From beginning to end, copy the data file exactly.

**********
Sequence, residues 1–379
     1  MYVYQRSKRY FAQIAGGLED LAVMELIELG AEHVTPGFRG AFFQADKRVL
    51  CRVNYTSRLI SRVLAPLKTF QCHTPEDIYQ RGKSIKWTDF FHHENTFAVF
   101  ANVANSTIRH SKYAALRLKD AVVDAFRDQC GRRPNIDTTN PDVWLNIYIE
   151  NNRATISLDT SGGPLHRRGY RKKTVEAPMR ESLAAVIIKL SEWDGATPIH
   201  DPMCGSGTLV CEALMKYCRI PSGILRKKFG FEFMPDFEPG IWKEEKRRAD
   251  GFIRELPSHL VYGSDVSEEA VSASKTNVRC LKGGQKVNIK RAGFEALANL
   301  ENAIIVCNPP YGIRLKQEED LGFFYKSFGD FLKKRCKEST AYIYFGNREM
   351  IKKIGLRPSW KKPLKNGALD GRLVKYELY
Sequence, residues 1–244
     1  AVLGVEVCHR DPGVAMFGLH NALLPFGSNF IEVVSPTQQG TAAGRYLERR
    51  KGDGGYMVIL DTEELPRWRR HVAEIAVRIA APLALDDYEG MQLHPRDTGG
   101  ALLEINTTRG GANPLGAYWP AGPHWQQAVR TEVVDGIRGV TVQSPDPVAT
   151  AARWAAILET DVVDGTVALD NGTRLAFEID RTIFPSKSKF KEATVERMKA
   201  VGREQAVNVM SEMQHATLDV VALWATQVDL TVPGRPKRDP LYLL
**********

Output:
Sequence, residues 1–379
     1  MYVYQRSKRY FAQIAGGLED LAVMELIELG AEHVTPGFRG AFFQADKRVL
    51  CRVNYTSRLI SRVLAPLKTF QCHTPEDIYQ RGKSIKWTDF FHHENTFAVF
   101  ANVANSTIRH SKYAALRLKD AVVDAFRDQC GRRPNIDTTN PDVWLNIYIE
   151  NNRATISLDT SGGPLHRRGY RKKTVEAPMR ESLAAVIIKL SEWDGATPIH
   201  DPMCGSGTLV CEALMKYCRI PSGILRKKFG FEFMPDFEPG IWKEEKRRAD
   251  GFIRELPSHL VYGSDVSEEA VSASKTNVRC LKGGQKVNIK RAGFEALANL
   301  ENAIIVCNPP YGIRLKQEED LGFFYKSFGD FLKKRCKEST AYIYFGNREM
   351  IKKIGLRPSW KKPLKNGALD GRLVKYELY
Sequence, residues 1–244
     1  AVLGVEVCHR DPGVAMFGLH NALLPFGSNF IEVVSPTQQG TAAGRYLERR
    51  KGDGGYMVIL DTEELPRWRR HVAEIAVRIA APLALDDYEG MQLHPRDTGG
   101  ALLEINTTRG GANPLGAYWP AGPHWQQAVR TEVVDGIRGV TVQSPDPVAT
   151  AARWAAILET DVVDGTVALD NGTRLAFEID RTIFPSKSKF KEATVERMKA
   201  VGREQAVNVM SEMQHATLDV VALWATQVDL TVPGRPKRDP LYLL